The standard Russian text of War and Peace is divided into four books (fifteen parts) and an epilogue in two parts – one mainly narrative, the other thematic. While roughly the first half of the novel is concerned strictly with the fictional characters, the later parts, as well as one of the work's two epilogues, increasingly consist of essays about the nature of war, power, history, and historiography. Tolstoy interspersed these essays into the story in a way that defies previous fictional convention. Certain abridged versions remove these essays entirely, while others, published even during Tolstoy's life, simply moved these essays into an appendix.

 
 
English and other translations
War and Peace has been translated into many languages. It has been translated into English on several occasions, starting with Clara Bell working from a French translation. The translators Constance Garnett and Louise and Aylmer Maude knew Tolstoy personally. Translations have to deal with Tolstoy’s often peculiar syntax and his fondness for repetitions. About 2% of War and Peace is in French; Tolstoy removed the French in a revised 1873 edition, only to restore it later. Most translators follow Garnett retaining some French, Briggs uses no French, while Pevear-Volokhonsky and Amy Mandelker's revision of the Maude translation both retain the French fully.
 
 
Principal characters in War and Peace
Count Pyotr Kirillovich (Pierre) Bezukhov: The large-bodied, ungainly, and socially awkward illegitimate son of an old Russian grandee. Pierre, educated abroad, returns to Russia as a misfit. His unexpected inheritance of a large fortune makes him socially desirable. Pierre is the central character and often a voice for Tolstoy's own beliefs or struggles.
Prince Andrei Nikolayevich Bolkonsky: A strong but skeptical, thoughtful and philosophical aide-de-camp in the Napoleonic Wars.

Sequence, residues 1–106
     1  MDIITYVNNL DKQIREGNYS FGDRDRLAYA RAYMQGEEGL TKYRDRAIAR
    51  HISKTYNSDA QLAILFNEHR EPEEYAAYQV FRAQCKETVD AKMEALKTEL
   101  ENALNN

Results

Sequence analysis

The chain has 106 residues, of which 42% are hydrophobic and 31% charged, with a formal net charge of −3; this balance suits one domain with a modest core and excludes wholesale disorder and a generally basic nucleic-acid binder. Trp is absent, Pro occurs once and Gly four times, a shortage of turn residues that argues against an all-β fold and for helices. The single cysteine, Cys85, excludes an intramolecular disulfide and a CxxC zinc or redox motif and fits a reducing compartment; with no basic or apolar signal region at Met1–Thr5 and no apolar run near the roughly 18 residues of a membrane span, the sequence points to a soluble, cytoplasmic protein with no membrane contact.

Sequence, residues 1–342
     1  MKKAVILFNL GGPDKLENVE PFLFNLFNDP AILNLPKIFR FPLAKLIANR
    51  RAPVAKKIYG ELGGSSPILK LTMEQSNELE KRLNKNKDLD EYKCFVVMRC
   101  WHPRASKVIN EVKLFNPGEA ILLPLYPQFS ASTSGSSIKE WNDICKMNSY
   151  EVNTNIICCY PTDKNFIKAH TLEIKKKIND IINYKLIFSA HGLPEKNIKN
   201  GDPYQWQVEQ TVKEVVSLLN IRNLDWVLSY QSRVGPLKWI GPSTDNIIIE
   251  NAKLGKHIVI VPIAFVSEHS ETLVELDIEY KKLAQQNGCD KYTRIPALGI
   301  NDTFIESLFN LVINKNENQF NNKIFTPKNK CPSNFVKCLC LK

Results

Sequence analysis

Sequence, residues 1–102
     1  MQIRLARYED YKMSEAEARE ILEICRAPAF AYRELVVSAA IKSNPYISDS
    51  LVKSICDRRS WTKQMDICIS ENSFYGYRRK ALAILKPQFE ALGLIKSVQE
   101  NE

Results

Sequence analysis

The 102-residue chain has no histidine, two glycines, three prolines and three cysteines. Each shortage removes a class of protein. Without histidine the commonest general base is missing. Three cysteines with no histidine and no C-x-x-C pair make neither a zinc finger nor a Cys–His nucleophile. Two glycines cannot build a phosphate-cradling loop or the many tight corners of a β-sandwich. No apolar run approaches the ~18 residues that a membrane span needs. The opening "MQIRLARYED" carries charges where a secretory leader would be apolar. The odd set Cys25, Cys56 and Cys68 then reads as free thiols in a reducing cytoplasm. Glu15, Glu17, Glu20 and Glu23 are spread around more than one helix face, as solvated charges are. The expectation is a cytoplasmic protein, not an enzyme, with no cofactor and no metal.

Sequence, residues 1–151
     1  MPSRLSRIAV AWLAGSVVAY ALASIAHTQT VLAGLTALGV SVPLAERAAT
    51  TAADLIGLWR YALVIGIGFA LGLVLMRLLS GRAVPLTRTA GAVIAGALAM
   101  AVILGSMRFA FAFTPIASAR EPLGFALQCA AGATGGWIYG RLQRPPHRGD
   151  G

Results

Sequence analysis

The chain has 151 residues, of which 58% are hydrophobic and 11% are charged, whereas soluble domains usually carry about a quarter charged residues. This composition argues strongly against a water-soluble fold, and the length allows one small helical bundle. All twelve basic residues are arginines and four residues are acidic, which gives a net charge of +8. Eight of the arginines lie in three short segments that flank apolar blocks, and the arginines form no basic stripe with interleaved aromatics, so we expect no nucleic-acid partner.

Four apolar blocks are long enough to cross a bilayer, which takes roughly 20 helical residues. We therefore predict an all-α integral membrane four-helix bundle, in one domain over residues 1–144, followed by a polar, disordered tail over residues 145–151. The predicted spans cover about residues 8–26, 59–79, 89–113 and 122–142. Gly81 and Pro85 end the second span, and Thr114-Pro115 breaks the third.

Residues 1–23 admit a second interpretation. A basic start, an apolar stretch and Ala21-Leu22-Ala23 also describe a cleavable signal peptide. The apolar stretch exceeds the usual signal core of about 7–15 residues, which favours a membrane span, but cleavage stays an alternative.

Princess Maria Nikolayevna Bolkonskaya: Sister of Prince Andrei, Princess Maria is a pious woman whose eccentric father attempted to give her a good education. The caring, nurturing nature of her large eyes in her otherwise thin and plain face are frequently mentioned.
Count Ilya Andreyevich Rostov: The pater-familias of the Rostov family; terrible with finances, generous to a fault.

Countess Natalya Rostova: Wife of Count Ilya Rostov, mother of the four Rostov children.
Countess Natalya Ilyinichna (Natasha) Rostova: A central character, introduced as "not pretty but full of life" and a romantic young girl, although impulsive and highly strung, she evolves through trials and suffering and eventually finds happiness. She is an accomplished singer and dancer.
Count Nikolai Ilyich (Nikolenka) Rostov: An hussar, the beloved eldest son of the Rostov family.
Sofia Alexandrovna (Sonya) Rostova: Orphaned cousin of Vera, Nikolai, Natasha, and Petya Rostov.
 
Natasha Rostova, a postcard by Elisabeth Bohm
 
 
Countess Vera Ilyinichna Rostova: Eldest of the Rostov children, she marries the German career soldier, Berg.
Pyotr Ilyich (Petya) Rostov: Youngest of the Rostov children.
Prince Vasily Sergeyevich Kuragin: A ruthless man who is determined to marry his children well, despite having doubts about the character of some of them.
Princess Elena Vasilyevna (Hélène) Kuragin: A beautiful and sexually alluring woman who has many affairs, including (it is rumoured) with her brother Anatole.
Prince Anatole Vasilyevich Kuragin: Hélène's brother and a very handsome and amoral pleasure seeker who is secretly married yet tries to elope with Natasha Rostova.
Prince Ippolit Vasilyevich: The eldest and perhaps most dim-witted of the Kuragin children.
Prince Boris Drubetskoy: A poor but aristocratic young man driven by ambition, even at the expense of his friends and benefactors, who marries for money, rather than love, an heiress, Julie Karagina.
Princess Anna Mihalovna Drubetskaya: The mother of Boris.
Fyodor Ivanovich Dolokhov: A cold, almost psychopathic officer, he ruins Nikolai Rostov by luring him into an outrageous gambling debt (by which he, Dolokhov, profits), he only shows love to his doting mother.
 
 
Adolf Karlovich Berg: A young Russian officer, who desires to be just like everyone else.
Anna Pavlovna Scherer: Also known as Annette, she is the hostess of the salon that is the site of much of the novel's action in Petersburg.